These basic tenets of the insurance schemes have to be understood in the context of the country’s health system. The public system is under resourced and access to it is difficult for a very large number of patients. Over 70% of health care costs are borne by patients themselves as they are forced to look for care in the private sector. The private sector is almost entirely unregulated and is a mix that ranges from primarily unqualified practitioners in rural areas, charitable institutions, small private nursing homes and hospitals, and large chains of corporate hospitals. Over the past decade there has been a huge expansion in the last category – of chains of corporate hospitals. These have expanded to fill in the void left by an inadequate public system and operate almost entirely in towns and cities. The public system still caters to almost 60% of hospitalized patients, while almost 90% of out-patient care is accessed through the private sector. Thus, a majority of expenses incurred by patients is in out-patient care.


Impact on the Health System

Let us now examine the effect that the insurance schemes have on the existing health system. The split between financing and provisioning explicitly opens the door for participation by the private sector. In most situation a large majority of accredited providers are in the private sector. Supporters of insurance argue that it shouldn’t matter where people get medical care, as long as they are assured good care. They also argue that ‘competition’ between different providers will improve the quality of care. Unfortunately evidence available suggests something totally different.


A recent analysis of the Arogyasri scheme in the Economic and Political Weekly (N.Purendra Prasad, P.Raghavendra, Healthcare Models in the Era of Medical Neo-liberalism: A Study of Aarogyasri in Andhra Pradesh, Economic and Political Weekly, October 27, 2012) provides very interesting data. The analysis notes that “The Aarogyasri Trust has empanelled 491 hospitals in the state, of which nearly 80% are in the private sector while the remaining 20% are government hospitals. Although the Aarogyasri scheme is meant for poor villagers, there is not even one private hospital in the rural areas, while the distribution of empanelled government hospitals in rural and urban areas is almost even”. The financing provider split is a mechanism that has been the hallmark of health sector reforms in many parts of the world and is part of the neoliberal framework. In such a framework patients become ‘consumers’ and are provided with a ‘choice’.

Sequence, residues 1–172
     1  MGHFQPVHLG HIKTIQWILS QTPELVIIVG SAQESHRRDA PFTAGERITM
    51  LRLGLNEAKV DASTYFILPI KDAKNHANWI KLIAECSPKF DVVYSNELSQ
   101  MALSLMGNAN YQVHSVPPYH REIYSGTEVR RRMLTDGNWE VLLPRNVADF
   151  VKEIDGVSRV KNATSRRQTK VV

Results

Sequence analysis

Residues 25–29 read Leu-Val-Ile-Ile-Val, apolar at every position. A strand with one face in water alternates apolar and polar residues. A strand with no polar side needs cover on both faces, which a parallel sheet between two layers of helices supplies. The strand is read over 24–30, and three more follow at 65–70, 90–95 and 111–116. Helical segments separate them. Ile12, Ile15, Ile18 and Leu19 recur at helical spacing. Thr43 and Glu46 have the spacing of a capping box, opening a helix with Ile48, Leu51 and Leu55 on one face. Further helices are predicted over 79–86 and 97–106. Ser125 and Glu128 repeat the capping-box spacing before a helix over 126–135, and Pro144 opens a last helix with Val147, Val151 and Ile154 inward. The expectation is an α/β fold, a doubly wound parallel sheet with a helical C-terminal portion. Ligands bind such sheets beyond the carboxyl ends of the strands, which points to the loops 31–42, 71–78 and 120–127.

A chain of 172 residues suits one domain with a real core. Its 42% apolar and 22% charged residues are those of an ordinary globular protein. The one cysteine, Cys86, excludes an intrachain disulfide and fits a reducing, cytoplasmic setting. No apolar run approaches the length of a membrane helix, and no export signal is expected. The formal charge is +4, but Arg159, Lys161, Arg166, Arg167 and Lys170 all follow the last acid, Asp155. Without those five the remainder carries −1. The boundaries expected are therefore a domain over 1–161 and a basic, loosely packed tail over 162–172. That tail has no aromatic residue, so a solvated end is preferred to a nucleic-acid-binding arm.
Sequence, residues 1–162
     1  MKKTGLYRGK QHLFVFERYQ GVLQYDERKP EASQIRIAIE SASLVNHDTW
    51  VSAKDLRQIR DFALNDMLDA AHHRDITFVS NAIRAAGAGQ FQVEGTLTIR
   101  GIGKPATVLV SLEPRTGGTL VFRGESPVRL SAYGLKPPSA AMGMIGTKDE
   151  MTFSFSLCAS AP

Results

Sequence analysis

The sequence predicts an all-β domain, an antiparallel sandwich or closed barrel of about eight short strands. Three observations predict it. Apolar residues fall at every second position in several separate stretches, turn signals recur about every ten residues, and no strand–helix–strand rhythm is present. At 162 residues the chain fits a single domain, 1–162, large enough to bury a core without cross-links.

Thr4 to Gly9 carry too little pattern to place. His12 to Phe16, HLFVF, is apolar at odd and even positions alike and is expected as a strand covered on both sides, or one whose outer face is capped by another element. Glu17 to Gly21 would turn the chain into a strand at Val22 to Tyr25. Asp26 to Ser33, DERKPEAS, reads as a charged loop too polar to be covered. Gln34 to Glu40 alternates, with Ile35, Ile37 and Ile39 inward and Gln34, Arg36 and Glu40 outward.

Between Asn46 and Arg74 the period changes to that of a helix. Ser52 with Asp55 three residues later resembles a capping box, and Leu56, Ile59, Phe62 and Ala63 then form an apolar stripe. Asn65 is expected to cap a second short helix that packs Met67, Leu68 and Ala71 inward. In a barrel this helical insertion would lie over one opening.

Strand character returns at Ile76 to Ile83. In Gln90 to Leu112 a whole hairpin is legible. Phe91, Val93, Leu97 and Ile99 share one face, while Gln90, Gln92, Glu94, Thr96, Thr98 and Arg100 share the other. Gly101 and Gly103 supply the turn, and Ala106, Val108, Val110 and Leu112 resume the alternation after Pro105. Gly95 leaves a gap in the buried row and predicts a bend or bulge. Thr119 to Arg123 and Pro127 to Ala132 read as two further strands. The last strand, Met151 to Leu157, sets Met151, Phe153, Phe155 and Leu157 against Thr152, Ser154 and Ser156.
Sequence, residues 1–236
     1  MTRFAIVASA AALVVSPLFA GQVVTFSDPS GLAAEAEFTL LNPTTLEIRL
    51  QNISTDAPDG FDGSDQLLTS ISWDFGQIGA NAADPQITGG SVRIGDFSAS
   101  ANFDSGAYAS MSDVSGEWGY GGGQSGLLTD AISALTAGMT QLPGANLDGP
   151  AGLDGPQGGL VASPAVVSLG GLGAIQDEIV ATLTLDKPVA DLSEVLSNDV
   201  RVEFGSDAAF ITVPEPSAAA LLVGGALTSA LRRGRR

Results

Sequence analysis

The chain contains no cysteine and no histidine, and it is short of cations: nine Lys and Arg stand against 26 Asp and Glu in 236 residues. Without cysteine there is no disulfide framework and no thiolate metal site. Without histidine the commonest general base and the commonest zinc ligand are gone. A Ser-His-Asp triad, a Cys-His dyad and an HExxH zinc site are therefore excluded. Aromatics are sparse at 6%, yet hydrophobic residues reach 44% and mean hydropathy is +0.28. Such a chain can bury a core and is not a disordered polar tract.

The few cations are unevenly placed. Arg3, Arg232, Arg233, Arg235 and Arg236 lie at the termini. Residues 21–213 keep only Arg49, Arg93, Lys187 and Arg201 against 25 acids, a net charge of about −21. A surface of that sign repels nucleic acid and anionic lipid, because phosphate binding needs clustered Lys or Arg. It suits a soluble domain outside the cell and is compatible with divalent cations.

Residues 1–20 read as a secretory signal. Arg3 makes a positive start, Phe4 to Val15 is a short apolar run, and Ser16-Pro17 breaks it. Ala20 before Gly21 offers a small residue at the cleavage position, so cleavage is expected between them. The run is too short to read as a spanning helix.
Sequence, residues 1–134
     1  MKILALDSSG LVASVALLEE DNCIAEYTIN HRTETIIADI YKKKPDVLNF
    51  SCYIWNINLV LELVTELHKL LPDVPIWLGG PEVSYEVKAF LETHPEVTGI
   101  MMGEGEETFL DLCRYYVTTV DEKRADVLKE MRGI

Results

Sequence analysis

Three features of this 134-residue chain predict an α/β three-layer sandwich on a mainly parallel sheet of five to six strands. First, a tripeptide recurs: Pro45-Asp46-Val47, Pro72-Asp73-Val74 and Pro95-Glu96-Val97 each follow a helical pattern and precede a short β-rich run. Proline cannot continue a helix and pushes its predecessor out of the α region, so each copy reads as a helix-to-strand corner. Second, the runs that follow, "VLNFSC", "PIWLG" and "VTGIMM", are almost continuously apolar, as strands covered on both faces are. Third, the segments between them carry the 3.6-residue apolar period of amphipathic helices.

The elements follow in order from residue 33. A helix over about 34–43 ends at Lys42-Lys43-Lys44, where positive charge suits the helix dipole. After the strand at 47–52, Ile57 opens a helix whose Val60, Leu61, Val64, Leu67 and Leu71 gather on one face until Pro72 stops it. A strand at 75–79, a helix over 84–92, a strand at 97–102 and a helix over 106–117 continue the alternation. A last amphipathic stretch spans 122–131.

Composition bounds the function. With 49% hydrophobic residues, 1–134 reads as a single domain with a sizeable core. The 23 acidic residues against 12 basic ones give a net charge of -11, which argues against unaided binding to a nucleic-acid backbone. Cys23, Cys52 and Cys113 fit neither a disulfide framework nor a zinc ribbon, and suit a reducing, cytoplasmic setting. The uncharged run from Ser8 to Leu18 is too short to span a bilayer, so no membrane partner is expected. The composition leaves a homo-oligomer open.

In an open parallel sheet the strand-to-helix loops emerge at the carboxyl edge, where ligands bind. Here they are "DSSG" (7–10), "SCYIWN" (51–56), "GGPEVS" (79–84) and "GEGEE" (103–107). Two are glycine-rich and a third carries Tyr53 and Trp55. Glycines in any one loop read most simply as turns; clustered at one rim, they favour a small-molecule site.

Competition and False Choice

Unfortunately the choice provided by such a model is a false choice. For people to exercise their choice information is crucial. In the case of medical care patients, especially poor and vulnerable patients, have little or no information. Patients (now called consumers!) are ideal candidates for being enticed by the private sector, especially the well resourced corporate hospital chains. They are enticed by fraudulent claims hidden in the garb of technical jargon. In the past few months there have been several stories in the media regarding the sharp rise in hysterectomies (operations involving removal of the uterus) since the introduction of the RSBY scheme.


In Chhattisgarh, the director of health services, under public pressure, appointed a fact-finding team and suspended doctors involved in 22 cases, where it could be proved that the operations for hysterectomy were conducted without medical reasons. Dainik Bhaskar reported that just one private hospital (Gupta Hospital in Dhamtari) conducted 604 hysterectomies in 900 days. In comparison, the government-run Ambedkar Hospital in Raipur conducted just seven such operations in the same period. Other media reports indicated that In Bihar an estimated 16,000 hysterectomies, most of them deemed unnecessary, have been conducted. Everybody in the know acknowledges that these reports are just the tip of the iceberg. Unethical practices have become the cornerstone of the RSBY scheme in many parts of the country – leading to unnecessary investigations, medication and surgeries that only help the profit hungry providers.


The EPW analysis reports how ‘Arogyamitras’ are appointed by private hospitals to scout around for patients who can be enticed to get operated upon in private hospitals. The private hospitals also ‘cherry pick’, i.e. they pick and choose those patients that provide the highest returns and refer others to government hospitals. The refuse patients who are likely to have poor outcomes or are not likely to provide good returns. Government facilities are not structured to compete in the ‘market’ for health care, and gain little even if they are empanelled. This is thus the kind of choice that the poor and vulnerable are provided – a choice based on false motivations and enticements by profit hungry private hospitals.


Limited Package and Skewed Priorities